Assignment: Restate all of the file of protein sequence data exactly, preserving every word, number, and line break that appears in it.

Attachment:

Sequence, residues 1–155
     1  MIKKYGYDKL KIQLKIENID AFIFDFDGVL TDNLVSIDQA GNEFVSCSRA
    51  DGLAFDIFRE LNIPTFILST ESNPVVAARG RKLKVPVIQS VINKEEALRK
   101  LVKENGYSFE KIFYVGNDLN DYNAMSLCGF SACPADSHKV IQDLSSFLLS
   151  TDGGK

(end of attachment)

Sequence, residues 1–155
     1  MIKKYGYDKL KIQLKIENID AFIFDFDGVL TDNLVSIDQA GNEFVSCSRA
    51  DGLAFDIFRE LNIPTFILST ESNPVVAARG RKLKVPVIQS VINKEEALRK
   101  LVKENGYSFE KIFYVGNDLN DYNAMSLCGF SACPADSHKV IQDLSSFLLS
   151  TDGGK